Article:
US stocks fell, while the euro and commodities erased early rallies, as optimism over Spain's bailout plan gave way to skepticism that the rescue will succeed in taming the European debt crisis. Treasuries advanced.

The Standard & Poor's 500 Index lost 0.8 per cent to 1,314.89 at 3:18 p.m. in New York after climbing as much as 0.7 per cent in the first minutes of trading. The euro weakened 0.2 per cent to $US1.2494 after surging 1.2 per cent. Oil declined 2.7 per cent to $US81.86 a barrel, reversing a 3 per cent jump, and the S&P GSCI Index of commodities slid 1.4 per cent. Ten-year Treasury note yields decreased four basis points to 1.59 per cent after surging nine basis points earlier.

Spain asked euro-region governments over the weekend for as much as 100 billion euros ($US126 billion) to help shore up its banking system. Spanish and Italian bonds rallied as European markets opened, only to erase the gains as costs of default swaps to protect Spanish government debt rose. Spain's benchmark stock index reversed an almost 6 per cent gain.

"The Spanish deal is another Band-Aid," Matt McCormick, who helps oversee $US6.2 billion at Bahl & Gaynor Inc. in Cincinnati, said in a telephone interview. "Many investors are viewing this with skepticism. The problem is not going to be fixed by this amount. It's not a solution, and people know the difference. Expect more volatility not less."

Lingering Crisis

European officials have failed to control the debt crisis that started in Greece at the end of 2009 and has now required a bailout of the euro area's fourth-largest economy. Concern about a deepening of the region's turmoil almost drove the S&P 500 into a bear market last year as the index tumbled more than 19 per cent between April 29 and Oct. 3. Since then, the index surged as much as 29 per cent to a four-year high in April, then lost 6.6 per cent through last week.

Financial, commodity and technology shares fell at least 0.6 per cent to lead losses among the 10 main groups in the S&P 500, while telephone and utility companies gained. Hewlett- Packard Co., Bank of America Corp., Caterpillar Inc. and Microsoft Corp. lost more than 1.7 per cent for the biggest declines in the Dow Jones Industrial Average.

Nvidia Corp. rallied 2.3 per cent after Apple Inc. said its latest MacBook Pro computer uses a new Nvidia graphics chip. Apple slipped 0.9 per cent, erasing a 1.4 per cent rally, as it introduced new computers at its developers conference.

Thirty-year US bonds rose for the first time in six sessions, sending yields down three basis points to 2.71 per cent. The rate is up from a record low of 2.5089 per cent on June 1.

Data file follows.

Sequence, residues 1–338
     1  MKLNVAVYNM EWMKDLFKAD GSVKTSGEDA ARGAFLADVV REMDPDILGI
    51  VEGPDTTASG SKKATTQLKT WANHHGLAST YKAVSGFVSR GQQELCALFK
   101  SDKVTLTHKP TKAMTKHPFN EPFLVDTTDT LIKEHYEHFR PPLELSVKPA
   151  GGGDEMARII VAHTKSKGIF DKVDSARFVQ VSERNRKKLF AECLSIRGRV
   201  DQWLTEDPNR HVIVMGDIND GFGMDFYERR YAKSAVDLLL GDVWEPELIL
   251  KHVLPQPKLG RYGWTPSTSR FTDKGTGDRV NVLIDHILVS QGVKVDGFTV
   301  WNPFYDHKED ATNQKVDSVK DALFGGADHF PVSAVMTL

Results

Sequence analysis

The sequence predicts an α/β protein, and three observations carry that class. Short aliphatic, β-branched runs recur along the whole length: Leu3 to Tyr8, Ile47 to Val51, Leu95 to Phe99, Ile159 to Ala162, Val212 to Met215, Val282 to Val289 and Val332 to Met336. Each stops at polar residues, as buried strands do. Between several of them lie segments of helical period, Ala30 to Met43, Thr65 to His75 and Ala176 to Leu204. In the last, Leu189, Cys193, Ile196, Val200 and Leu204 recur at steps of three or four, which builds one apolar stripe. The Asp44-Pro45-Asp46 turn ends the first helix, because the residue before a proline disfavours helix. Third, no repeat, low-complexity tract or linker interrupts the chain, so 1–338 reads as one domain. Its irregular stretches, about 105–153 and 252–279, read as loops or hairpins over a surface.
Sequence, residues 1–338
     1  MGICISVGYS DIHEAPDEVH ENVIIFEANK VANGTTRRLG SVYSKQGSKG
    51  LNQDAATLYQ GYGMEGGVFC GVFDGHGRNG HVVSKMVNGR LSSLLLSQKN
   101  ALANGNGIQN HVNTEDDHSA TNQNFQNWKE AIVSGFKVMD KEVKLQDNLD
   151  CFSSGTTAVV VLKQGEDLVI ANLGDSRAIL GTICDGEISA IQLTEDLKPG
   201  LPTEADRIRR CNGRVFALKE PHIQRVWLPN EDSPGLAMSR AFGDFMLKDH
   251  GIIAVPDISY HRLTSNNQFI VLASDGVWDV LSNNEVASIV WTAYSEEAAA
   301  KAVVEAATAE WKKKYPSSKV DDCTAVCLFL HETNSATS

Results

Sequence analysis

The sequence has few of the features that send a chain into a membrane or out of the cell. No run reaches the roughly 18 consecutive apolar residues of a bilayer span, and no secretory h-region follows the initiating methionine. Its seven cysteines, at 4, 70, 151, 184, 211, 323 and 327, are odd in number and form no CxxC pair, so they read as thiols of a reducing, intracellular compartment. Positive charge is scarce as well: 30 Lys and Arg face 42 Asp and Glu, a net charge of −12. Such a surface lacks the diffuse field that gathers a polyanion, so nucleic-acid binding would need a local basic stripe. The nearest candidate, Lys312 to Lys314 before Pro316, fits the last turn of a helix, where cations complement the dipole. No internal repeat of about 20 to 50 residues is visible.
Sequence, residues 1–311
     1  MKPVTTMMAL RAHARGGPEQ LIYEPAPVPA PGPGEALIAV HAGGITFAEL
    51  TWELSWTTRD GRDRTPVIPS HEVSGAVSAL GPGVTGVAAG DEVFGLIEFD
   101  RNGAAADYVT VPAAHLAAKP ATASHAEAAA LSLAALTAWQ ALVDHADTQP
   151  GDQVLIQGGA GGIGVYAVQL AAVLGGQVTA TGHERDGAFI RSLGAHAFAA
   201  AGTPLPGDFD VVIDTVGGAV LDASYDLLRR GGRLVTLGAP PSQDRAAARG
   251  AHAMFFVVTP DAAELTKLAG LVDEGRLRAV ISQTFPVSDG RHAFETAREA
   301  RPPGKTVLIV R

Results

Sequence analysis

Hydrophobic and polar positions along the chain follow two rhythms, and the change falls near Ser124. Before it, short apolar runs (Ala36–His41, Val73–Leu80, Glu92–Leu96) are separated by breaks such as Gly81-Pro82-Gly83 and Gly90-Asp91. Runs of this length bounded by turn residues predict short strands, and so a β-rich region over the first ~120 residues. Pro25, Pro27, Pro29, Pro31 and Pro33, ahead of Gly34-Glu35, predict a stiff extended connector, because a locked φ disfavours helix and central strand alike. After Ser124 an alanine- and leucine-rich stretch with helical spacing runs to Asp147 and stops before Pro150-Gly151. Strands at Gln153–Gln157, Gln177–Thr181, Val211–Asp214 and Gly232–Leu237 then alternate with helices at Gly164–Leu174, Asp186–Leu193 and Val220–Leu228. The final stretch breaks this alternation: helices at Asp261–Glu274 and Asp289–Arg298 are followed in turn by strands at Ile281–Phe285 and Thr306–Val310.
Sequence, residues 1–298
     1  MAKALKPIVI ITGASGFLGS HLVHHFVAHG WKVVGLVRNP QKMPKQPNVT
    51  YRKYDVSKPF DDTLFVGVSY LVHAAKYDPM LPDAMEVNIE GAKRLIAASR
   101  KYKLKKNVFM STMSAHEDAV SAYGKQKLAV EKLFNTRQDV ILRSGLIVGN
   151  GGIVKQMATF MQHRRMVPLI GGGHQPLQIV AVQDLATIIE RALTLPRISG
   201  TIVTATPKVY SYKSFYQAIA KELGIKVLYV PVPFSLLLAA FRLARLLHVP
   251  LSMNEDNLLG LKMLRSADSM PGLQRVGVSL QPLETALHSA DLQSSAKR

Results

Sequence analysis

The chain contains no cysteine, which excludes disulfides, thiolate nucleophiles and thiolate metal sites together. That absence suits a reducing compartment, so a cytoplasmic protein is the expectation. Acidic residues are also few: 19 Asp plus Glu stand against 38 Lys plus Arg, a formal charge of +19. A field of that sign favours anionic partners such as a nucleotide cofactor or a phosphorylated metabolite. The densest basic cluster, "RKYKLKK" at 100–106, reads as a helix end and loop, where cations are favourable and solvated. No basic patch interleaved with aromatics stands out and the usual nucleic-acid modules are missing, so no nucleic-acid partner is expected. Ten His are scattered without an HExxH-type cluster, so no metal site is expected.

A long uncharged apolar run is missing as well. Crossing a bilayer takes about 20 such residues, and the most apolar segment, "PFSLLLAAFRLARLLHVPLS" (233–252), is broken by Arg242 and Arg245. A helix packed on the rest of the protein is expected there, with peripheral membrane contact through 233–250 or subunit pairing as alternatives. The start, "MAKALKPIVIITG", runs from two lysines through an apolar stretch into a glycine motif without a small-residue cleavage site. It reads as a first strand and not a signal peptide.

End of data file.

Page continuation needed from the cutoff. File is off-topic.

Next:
The average yield on bonds issued by the Group of Seven nations has fallen to 1.120 per cent from 3 per cent in 2007, Bank of America Merrill Lynch index data show. Germany's two-year note yield fell below zero for the first time on June 1, while Switzerland's has been negative since April 24, meaning investors are paying for the right to lend the nation money.

European Shares

The Stoxx Europe 600 Index ended the session little changed after increasing as much as 1.9 per cent. Banco Santander SA fell 0.3 per cent, erasing a gain of as much as 9.7 per cent. Bankinter SA rose 0.5 per cent and Banco Bilbao Vizcaya Argentaria SA was little changed after each jumped more than 10 per cent earlier.

The IBEX-35 Index of Spanish stocks slipped 0.5 per cent, reversing a 5.9 per cent rally. Greece's ASE Index rose 0.8 per cent, paring an earlier 4.5 per cent jump.

France's CAC 40 Index lost 0.3 per cent The benchmark gauge surged as much as 2.3 per cent earlier as industrial production increased 1.5 per cent in April. Economists had predicted a 0.1 per cent decline.

The Dollar Index was little changed after earlier slumping as much as 1 per cent. Norway's krone strengthened against 15 of 16 major peers, climbing 0.2 per cent versus the dollar, after data showed consumer prices rose more than estimated last month.

Spain's two-year yield rose 28 basis points to 4.57 per cent, after falling to as low as 3.94 per cent, on concern investors holding the securities may rank behind official creditors in seniority following the bailout. Italy's 10-year yield jumped 26 basis points to 6.03 per cent, the highest since January.

"We've seen these dominoes fall: Greece, Ireland, Portugal, now Spain is getting on the dole and the next big one to be watching is Italy," Marc Chandler, chief currency strategist at Brown Brothers Harriman & Co. in New York, told Bloomberg Television. "And when Italy comes into pressure, I'm suggesting we have to be careful with France too."


Nickel, sugar and copper rose at least 1.7 per cent to lead gains among 11 of 24 commodities in the S&P GSCI Index, while natural gas and oil fell the most.

Goldman Sachs Group Inc. said today it expects a 29 per cent return for commodities over the next 12 months. Gains for raw materials will be led by a 41 per cent jump in energy and 23 per cent gain in industrial metals, Goldman Sachs said.

The MSCI Emerging Markets Index rose 0.9 per cent. The Hang Seng China Enterprises Index of mainland companies climbed 2.4 per cent, the most in two months, after China's exports grew last month at more than double the pace analysts estimated and crude oil imports rose to a record. Overseas shipments climbed 15.3 per cent from a year earlier, exceeding all 29 estimates in a Bloomberg News survey. Benchmark gauges in South Korea, Taiwan, Thailand and Indonesia increased at least 1 per cent.

India's Sensex slipped 0.3 per cent, reversing a 1.1 per cent gain after S&P said the country may lose its investment-grade rating.